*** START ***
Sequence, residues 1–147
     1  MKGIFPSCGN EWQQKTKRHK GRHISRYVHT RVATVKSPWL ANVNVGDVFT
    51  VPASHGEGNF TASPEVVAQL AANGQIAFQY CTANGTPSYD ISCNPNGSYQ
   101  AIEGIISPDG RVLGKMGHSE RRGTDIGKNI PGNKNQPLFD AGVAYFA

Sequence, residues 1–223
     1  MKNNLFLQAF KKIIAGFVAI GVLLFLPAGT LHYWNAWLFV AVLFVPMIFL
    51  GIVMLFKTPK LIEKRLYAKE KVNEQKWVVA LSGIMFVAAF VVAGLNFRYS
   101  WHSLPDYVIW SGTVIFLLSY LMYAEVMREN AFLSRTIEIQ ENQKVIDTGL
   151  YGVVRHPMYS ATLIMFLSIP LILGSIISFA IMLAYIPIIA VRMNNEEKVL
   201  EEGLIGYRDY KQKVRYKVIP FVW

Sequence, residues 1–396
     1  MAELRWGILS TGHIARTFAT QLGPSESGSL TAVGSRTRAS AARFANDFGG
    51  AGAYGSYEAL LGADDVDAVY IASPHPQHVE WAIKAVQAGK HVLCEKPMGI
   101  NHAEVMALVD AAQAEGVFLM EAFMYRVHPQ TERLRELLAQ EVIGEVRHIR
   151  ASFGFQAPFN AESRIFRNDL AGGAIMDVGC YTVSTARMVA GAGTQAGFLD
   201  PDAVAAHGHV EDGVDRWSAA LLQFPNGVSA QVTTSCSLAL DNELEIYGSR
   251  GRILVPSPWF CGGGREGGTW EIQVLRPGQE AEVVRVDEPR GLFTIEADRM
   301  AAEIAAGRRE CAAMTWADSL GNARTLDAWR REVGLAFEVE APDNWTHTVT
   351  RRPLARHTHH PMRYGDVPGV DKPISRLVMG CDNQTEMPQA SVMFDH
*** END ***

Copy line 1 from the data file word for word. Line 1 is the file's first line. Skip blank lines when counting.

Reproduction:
Sequence, residues 1–147